Since 2016, I have gifted prints of my Malai collection as trophies for the N-Peace Award winners. Recently I realised how truly fitting these artworks are for the initiative, not to mention the real gravity of the awards' significance.
Supporting N-Peace was not the first time I have been deeply affected by social issues. I was inspired by the royal-sponsored relief efforts during the severe flood of 2011 in Thailand. Aid packages included the distribution of traditional, multi-use cloths called paa-lai. Amid the volatile ambience of this natural disaster that tore people’s homes apart, I used paa-lai fabrics to construct hammock-like sculptures. These I transformed into an installation - lightly suspending the sculptures in mid-air - which I called “Hanging by a Thread” (2012).
There is something comforting about the work, something homely, motherly and nurturing despite calamity. Their shape also invokes the Buddhist offering bowl, playing with ideas of spirituality, peace, and temporal deferral, yet the title also suggests an inherent fragility. It was a time of continuing political and social uncertainty in Thailand; we were left hanging.
The Malai collection I created in 2015 also draws heavily on the themes in “Hanging by a Thread”: suspension, womanhood, and the fluid binary between harmony and hardship. The collection includes an installation of toile fabric shaped into floral wreaths hanging from walls, rounded elegant sculptures, and conceptual paintings of flowers.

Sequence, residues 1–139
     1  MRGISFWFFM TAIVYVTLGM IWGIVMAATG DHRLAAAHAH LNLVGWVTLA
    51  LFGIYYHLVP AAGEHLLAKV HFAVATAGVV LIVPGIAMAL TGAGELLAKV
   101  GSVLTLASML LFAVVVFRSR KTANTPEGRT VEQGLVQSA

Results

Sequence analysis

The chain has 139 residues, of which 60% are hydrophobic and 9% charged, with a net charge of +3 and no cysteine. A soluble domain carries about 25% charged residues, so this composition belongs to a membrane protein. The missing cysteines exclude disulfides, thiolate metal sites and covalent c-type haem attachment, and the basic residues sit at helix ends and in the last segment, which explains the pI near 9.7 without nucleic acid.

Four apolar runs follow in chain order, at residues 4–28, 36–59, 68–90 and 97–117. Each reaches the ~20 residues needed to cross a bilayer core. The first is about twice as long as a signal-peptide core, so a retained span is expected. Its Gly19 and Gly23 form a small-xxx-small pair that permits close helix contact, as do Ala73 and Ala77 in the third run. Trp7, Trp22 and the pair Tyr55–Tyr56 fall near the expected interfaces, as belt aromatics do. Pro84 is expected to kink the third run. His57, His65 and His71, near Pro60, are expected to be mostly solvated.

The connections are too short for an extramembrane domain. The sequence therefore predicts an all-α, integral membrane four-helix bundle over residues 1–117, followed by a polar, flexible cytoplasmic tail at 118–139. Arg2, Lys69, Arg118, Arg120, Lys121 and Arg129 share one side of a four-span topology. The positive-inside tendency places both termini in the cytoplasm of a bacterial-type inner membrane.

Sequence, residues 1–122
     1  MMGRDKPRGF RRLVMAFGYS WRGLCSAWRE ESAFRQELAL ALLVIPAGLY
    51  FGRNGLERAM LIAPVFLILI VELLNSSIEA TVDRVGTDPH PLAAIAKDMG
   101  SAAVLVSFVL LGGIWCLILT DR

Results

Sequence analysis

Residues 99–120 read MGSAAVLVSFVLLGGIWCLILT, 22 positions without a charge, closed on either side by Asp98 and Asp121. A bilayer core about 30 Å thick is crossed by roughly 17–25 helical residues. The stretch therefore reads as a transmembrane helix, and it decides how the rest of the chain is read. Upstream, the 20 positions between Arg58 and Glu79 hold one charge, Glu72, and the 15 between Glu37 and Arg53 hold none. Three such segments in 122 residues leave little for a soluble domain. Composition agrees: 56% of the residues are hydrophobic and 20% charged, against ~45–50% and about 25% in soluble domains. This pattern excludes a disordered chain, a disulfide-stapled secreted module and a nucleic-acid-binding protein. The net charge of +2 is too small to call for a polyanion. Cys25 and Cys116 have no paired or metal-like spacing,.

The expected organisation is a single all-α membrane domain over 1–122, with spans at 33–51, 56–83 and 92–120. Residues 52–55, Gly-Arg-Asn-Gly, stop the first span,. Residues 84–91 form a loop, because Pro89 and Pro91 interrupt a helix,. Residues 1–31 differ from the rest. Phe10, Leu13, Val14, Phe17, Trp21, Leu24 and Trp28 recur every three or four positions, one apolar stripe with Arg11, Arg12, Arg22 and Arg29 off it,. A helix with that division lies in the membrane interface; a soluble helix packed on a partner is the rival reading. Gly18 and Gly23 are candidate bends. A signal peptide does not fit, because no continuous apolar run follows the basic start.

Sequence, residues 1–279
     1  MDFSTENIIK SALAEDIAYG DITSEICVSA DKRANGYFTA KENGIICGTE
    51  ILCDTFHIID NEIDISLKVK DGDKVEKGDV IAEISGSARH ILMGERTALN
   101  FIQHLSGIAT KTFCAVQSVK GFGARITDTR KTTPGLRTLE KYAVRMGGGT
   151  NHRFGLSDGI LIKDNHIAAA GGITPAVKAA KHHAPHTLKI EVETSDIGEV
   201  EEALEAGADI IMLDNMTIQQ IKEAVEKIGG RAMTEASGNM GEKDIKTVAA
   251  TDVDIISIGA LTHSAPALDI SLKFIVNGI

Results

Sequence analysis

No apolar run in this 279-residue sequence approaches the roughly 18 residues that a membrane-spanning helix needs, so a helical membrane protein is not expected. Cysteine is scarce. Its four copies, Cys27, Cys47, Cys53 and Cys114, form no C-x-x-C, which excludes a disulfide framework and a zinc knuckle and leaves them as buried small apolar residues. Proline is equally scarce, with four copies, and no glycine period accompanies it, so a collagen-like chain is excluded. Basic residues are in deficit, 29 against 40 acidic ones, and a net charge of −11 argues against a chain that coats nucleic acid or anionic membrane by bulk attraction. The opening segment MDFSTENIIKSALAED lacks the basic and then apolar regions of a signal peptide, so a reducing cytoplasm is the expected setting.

In Thai culture, phuang malai are floral garlands, often sold at the side of roads or outside temples. These garlands are not only given in moments of celebration: to a bride and groom, at birthdays, engagement parties, or for good luck. They are also presented in times of grief and silence, at funerals, or as religious offerings of devotion and respect.
N-Peace celebrates women and men’s achievements, working for peace and women’s rights in the Asia region. But their achievements did not come about without struggle and pain. Many of them have seen terrible things, or experienced first-hand the very issues they are now campaigning to have addressed. Some have come from families divided by conflict, some have had to flee the countries and communities they love, some have seen women beaten down, abused, and ostracised. These experiences have hardened them, but they have also instilled in them a sense of determination. And it is precisely that determination, and the active role they now play to drive forward women’s rights, that N-Peace is supporting.
Women’s rights are ultimately human rights. I find it shocking that today so many women are still subjected to gender-based violence, political marginalization, forced displacement, or human trafficking. Conflict exacerbates these inequalities. In 2016, only half of the peace agreements signed contained gender specific provisions compared to 70% in 2015. These are precarious times. We need to do everything we can to ensure that issues affecting women are properly addressed moving forward - especially those living in warzones.
Suspended on the page but fixed through the medium of print, the N-Peace malai trophies represent a liminal space between joyful celebration and sombre commemoration for the women’s rights work of the past, present and (importantly) the future.
About the author
Pinaree Sanpitak is a Thai conceptual and contemporary artist. Her work addresses motherhood, womanhood, and self by using the shape of “breast and body” to provoke the symbol of feminism and femininity. She is currently the resident artist at STPI, Singapore. Find out more about Pinaree here.
Find out more about the N-Peace Network here.
Written as-told-to Mailee Osten-Tan (firstname.lastname@example.org)